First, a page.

New Reservoir Will Be Critical Lifeline For Washington County
It's pretty hard to miss the major construction and dirt being moved just off I-15 near the Toquerville Exit.
And though, we're still a year-and-a-half or so out from it being finished, the Chief Toquer Reservoir project is critical for Washington County.
Named for the 19th century Paiute leader Chief Toquer, the under construction reservoir will cover about 115 acres and provide a much-needed boost to water storage for the county.
Previously, the water would pool in the natural lake (called Ash Creek Reservoir) near New Harmony, eventually emptying downstream in dryer times. With the Chief Toquer Reservoir, the water will be used for storage and redundancy for the county and offers the Washington County Water Conservancy District another tool in its battle against the dry desert climate.
The dam for the reservoir will be 125-feet tall and 1,270-foot wide and should be done in 2026.
Reservoirs like Chief Toquer, and the proposed Graveyard Wash and Warner Valley have become critical with the hoped-for Lake Powell Pipeline mired in a seemingly endless loop of red tape.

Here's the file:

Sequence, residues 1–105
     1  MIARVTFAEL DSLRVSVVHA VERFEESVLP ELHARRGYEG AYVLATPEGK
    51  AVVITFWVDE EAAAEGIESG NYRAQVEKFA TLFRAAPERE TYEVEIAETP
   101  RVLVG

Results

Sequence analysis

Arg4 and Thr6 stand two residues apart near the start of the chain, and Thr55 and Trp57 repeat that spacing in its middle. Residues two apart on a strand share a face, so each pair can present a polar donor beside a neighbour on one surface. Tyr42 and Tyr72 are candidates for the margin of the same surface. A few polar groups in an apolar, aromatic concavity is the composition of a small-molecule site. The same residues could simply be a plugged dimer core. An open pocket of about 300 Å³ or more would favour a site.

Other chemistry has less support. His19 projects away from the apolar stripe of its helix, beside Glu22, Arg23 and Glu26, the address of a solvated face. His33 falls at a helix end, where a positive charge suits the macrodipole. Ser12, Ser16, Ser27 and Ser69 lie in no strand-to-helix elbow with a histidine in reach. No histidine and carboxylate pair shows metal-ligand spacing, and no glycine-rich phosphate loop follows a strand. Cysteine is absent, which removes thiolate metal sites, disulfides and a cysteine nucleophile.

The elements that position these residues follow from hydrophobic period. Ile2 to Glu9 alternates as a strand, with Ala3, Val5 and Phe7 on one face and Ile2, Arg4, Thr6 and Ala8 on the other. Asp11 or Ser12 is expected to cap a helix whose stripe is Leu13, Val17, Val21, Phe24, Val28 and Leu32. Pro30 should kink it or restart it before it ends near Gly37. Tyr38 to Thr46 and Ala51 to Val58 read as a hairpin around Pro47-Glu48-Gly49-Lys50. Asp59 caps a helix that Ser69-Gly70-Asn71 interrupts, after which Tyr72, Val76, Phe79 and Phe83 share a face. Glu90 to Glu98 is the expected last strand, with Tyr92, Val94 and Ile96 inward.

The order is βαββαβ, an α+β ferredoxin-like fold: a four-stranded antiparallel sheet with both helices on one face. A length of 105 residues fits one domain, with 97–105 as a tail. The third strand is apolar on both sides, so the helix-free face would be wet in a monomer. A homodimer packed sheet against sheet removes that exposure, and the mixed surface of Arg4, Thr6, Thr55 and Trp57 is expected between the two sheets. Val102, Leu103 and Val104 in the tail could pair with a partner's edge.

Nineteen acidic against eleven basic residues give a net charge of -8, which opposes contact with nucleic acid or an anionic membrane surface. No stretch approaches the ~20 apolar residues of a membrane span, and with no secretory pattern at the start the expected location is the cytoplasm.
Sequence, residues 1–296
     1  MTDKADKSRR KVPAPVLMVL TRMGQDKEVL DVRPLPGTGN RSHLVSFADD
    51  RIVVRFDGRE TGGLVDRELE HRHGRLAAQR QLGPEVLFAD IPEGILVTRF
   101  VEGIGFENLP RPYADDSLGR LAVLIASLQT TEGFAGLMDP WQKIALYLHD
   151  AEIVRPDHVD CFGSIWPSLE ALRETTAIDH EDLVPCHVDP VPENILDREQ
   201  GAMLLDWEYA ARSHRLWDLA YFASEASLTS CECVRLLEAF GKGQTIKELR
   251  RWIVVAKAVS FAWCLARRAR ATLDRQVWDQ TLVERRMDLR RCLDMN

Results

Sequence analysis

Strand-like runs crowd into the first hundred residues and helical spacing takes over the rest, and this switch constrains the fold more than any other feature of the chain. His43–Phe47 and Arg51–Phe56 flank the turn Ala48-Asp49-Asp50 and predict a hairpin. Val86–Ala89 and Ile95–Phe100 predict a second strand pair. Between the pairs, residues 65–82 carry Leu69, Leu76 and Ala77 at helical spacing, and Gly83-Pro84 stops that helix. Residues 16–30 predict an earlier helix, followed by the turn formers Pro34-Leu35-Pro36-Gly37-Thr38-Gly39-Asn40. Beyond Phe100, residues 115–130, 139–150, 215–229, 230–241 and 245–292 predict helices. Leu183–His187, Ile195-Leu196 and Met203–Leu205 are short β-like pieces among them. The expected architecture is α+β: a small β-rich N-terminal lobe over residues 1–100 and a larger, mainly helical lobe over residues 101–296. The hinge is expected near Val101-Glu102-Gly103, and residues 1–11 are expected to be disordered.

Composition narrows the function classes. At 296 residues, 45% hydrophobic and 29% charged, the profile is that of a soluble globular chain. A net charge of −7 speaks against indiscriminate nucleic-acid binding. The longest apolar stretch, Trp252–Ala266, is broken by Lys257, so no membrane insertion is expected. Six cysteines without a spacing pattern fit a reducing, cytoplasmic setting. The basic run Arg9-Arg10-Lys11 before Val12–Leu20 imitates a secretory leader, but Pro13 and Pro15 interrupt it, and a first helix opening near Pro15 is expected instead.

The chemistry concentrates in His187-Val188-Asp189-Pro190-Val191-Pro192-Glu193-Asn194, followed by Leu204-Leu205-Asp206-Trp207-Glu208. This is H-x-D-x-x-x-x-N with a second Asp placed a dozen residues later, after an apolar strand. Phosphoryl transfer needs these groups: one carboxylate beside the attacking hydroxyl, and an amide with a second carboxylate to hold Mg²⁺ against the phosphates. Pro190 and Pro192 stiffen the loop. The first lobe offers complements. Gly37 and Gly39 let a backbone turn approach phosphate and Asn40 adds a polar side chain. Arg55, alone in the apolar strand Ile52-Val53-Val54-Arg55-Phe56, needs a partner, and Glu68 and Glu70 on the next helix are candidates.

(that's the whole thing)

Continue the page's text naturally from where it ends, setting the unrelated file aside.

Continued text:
As for Chief Toquer, the dam's namesake, he was termed an "enlightened Indian,' who made friends with the early Mormon settlers and even helped them become established in the New Harmony area in the mid-1850s.
Chief Toquer reportedly "showed great love and concern for his people, encouraging them to learn and grow with the times by welcoming outsiders into their land."
A marker for the chief has been erected in the town of Toquerville, which is expected to experience tremendous growth in the coming years with the erection of the dam and reservoir.
The proposed Graveyard Wash Reservoir in Santa Clara has prompted strong reaction on both sides concerning its name, according to the WCWCD's Zac Renstrom.
Supporters like the name citing tradition and keeping the area's known name. Opponents say it's an awful name for a reservoir, considering the original Graveyard Wash was named because early settlers would take their animals to the wash to die and decompose.
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Gallery Credit: Stacker